A day after President Obama announced initiatives to normalize relations with Cuba, he seemingly reversed course by enacting the latest round of sanctions against Cuba’s staunchest ally, Venezuela, on December 18. His action conclusively ended any threat of a thaw in frosty relations since the US and Venezuela withdrew their respective ambassadors in 2010. The US Senate had approved the legislation on December 8, followed two days later by the House in a bipartisan gush of unity with no debate or dissenting votes. The legislation will allow the president to deny visas and freeze assets of Venezuelan officials accused of violating the rights of anti-government groups
Response to Sanctions
During the unrest six months ago in Venezuela, the Obama administration was reluctant to push sanctions. Even the Washington Post, which is highly critical of the Venezuelan government, questioned why Obama was “balking on the [sanction] measures this year at the height of a [Venezuelan] government crackdown against protesters” yet proceeded now when “the largely symbolic act of imposing sanctions would give [Venezuelan President] Maduro a propaganda boost.”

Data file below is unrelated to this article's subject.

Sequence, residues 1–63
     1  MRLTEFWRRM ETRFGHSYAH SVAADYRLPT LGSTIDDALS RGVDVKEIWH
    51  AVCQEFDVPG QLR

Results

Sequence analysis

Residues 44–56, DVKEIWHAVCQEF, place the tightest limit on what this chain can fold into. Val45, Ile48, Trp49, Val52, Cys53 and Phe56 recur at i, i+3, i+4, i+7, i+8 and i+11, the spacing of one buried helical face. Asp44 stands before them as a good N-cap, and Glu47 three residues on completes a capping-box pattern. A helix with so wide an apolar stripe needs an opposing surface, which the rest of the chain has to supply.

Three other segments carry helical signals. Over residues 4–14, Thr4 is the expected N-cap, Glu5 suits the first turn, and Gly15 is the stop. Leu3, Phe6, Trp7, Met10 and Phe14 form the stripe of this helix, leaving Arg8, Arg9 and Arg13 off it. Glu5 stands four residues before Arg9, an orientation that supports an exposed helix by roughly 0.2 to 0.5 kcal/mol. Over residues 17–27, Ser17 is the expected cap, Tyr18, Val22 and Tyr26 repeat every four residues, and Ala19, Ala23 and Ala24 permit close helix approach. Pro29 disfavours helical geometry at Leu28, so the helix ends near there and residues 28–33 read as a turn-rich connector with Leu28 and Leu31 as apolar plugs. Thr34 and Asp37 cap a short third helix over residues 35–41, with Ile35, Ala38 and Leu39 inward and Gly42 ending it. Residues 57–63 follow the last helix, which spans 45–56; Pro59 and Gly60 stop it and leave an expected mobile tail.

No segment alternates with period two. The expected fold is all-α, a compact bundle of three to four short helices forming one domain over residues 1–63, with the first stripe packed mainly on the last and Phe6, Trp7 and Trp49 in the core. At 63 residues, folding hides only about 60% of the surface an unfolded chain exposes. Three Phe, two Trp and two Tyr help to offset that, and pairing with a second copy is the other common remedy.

The G77 group of 134 developing nations including China condemned the sanctions and called for their repeal. Venezuela also received the support of the Latin American regional organizations ALBA and MERCOSUR.
Venezuelan President Maduro characterized the sanctions as “insolent” and “imperialist.” The opposition-aligned human rights organization in Venezuela PROVEA warned that sanctions will likely stoke nationalist reflexes in Venezuela in favor of the Venezuelan government and in opposition to perceived U.S. interventionism.